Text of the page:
Lenhart J.H. Grothe Resources award
The Lenhart J.H. Grothe Resources award was named after alumnus, tin miner and our first recipient Lenhart Grothe. Grothe was a talented businessman who enjoyed sharing his wisdom with others. He started the Northern Exploration and Equipment Co. as a Fairbanks college student and graduated at the top of his class with a bachelor of science degree in mining engineering in 1957. Grothe, with his partner Tom Pearson, started Lost River Mining in Tin City and Nome, Alaska. Their mine in Tin City was the only operating tin mine in Alaska and the United States at the time. Grothe always said, "It doesn't matter what you do, just do what you do and do it well"; and "Nothing is more valuable than your reputation as an honest person."
Criteria for selection: The Lenhart J.H. Grothe Resources award is given posthumously to an alumnus who made significant contributions in the resource, mining or agricultural fields.
2012 Lenhart J.H. Grothe Resources award winner
Donald J. Cook, '47, '54
Donald Cook was a soldier, gold-miner, university professor, administrator, diplomat, author and Alaskan pioneer.
Cook was born on February 14, 1920, in Astoria, Oregon. At the age of 18, he arrived at the University of Alaska at Fairbanks where he enrolled in the mining engineering program and also became an ROTC cadet.
In 1943, he graduated from the first four-year UA ROTC program and was quickly shipped off to Fort Benning, Georgia, and later Fort Campbell, Kentucky, for advanced military training. As a lieutenant, his first combat assignment was at Utah Beach in Normandy, France where he arrived on D-Day plus one. His second assignment was to lead his unit in the notorious hedgerows near St. Lo, where he was wounded in action. He received the Purple Heart.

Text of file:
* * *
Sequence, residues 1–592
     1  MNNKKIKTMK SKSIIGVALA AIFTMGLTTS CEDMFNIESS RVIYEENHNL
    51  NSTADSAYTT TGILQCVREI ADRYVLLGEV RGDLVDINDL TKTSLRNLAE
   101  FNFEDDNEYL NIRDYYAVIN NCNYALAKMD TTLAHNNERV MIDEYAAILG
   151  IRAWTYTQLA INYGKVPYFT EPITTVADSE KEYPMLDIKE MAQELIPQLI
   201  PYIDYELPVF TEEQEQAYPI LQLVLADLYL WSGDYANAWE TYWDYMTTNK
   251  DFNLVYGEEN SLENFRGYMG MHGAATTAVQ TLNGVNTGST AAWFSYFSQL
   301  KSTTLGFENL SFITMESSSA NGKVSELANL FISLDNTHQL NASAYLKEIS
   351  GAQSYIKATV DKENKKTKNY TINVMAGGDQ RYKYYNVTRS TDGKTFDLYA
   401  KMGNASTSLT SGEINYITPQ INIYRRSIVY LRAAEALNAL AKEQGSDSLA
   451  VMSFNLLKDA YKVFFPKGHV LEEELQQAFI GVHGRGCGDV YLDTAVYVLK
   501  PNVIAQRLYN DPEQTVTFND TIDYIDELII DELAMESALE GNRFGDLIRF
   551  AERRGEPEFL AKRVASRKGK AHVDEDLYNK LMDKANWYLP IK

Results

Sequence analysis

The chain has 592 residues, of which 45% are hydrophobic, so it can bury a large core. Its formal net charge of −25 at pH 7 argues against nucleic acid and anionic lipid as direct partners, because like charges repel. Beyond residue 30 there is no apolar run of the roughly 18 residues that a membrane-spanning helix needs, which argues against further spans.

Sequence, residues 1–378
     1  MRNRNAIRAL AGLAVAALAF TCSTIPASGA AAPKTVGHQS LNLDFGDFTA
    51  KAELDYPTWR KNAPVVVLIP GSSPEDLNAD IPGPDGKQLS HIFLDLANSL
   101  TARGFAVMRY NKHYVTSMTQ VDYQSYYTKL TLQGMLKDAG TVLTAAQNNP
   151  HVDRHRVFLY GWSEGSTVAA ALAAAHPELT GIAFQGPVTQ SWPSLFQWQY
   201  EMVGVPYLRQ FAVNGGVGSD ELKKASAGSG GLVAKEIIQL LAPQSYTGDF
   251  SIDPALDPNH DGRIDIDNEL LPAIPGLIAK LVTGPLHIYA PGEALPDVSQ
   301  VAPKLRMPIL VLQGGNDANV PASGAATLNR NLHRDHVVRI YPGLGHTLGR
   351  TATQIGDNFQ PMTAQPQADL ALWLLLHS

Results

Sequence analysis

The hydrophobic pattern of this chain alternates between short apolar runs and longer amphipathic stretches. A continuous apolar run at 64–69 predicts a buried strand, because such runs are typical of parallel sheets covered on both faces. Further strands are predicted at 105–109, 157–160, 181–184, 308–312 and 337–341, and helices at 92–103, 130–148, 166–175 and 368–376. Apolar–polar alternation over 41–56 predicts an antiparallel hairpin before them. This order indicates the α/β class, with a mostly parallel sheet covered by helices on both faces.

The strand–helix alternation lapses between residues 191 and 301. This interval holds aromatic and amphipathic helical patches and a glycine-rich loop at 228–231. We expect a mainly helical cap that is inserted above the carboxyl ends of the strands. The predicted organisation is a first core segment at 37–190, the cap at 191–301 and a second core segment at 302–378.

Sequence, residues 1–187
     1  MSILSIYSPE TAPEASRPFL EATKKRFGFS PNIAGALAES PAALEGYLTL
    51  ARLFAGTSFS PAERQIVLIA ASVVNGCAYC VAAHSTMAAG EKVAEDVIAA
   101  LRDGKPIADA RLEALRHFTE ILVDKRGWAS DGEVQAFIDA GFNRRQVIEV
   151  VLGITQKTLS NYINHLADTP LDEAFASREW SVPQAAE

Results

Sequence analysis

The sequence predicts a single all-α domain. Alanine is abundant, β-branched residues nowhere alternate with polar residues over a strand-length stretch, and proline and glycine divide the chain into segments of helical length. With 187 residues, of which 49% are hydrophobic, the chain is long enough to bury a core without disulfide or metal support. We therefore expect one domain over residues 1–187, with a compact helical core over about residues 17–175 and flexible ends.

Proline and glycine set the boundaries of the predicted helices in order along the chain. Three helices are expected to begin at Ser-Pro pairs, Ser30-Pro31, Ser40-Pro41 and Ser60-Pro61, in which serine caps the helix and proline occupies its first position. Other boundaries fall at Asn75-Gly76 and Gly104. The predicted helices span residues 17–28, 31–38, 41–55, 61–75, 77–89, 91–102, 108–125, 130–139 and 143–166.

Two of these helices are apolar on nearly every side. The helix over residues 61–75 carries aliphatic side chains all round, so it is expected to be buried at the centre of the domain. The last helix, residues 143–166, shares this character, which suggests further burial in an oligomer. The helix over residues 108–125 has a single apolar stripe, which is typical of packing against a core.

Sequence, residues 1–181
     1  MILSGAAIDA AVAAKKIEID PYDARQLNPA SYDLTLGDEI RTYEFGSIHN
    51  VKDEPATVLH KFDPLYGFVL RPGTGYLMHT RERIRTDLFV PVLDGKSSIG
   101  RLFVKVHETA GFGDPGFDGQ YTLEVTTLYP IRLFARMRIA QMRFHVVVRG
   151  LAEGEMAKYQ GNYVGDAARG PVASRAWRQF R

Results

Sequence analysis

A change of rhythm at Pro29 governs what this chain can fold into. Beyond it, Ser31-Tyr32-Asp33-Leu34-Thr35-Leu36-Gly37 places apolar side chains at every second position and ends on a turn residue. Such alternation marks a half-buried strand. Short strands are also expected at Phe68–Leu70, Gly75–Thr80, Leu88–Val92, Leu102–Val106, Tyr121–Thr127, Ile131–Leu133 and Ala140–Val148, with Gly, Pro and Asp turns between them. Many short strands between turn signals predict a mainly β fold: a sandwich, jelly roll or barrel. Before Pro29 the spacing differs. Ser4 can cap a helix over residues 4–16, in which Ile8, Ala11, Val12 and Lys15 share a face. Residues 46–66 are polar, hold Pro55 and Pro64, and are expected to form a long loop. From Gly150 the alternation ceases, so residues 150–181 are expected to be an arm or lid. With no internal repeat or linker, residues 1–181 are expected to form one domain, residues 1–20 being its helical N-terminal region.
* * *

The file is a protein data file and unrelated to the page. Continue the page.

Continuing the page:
Cook spent 12 months in various military hospitals, but, later returned to Alaska and married Cora.
Cook received his bachelor’s degree in mineral engineering from the University of Alaska in Fairbanks in 1947 and spent 10 years as an engineer for the Fairbanks Exploration Co. in various mining operations throughout Interior Alaska.
The academic world called Cook again so he took his young family and moved to the East Coast, where he enrolled in graduate school at Pennsylvania State University. He earned both master’s and doctorate degrees in three years in the fields of mining engineering and mineral preparation.
Upon graduation, the Cooks traveled back to Alaska where Donald began a lengthy career
as a college professor at UAF.
He helped train hundreds of young mining engineers. In 1983, Cook received the Distinguished Alumnus Award at UAF for his achievements. In 1985, he was hired as UAF’s dean of the School of Mining, Petroleum and Geological Engineering. He also became the director of the Mineral Industry Research Laboratory.
His commitment to academic excellence was rivaled only by his efforts to assist local miners in technology development and regulatory compliance for a safe environment.
Cook also loved to travel. He worked as a mine consultant in Columbia, South America. He took a sabbatical leave from UAF in the 1970s and traveled to Taiwan where he taught mineral engineering at Cheng Kung University. This visit opened a new door of international opportunity for UAF. Cook established a program for Chinese students to confer mining engineering degrees at the Fairbanks campus. His experiences in Taiwan and China led him to new friendships overseas. After retirement at UAF, Cook was appointed as an Alaska trade representative to Taiwan. He and Cora lived in Taipei for another year.
It is with great honor that the UAF Alumni Association posthumously presents to Donald Cook the 2012 Lenhart J.H. Grothe Resources Award.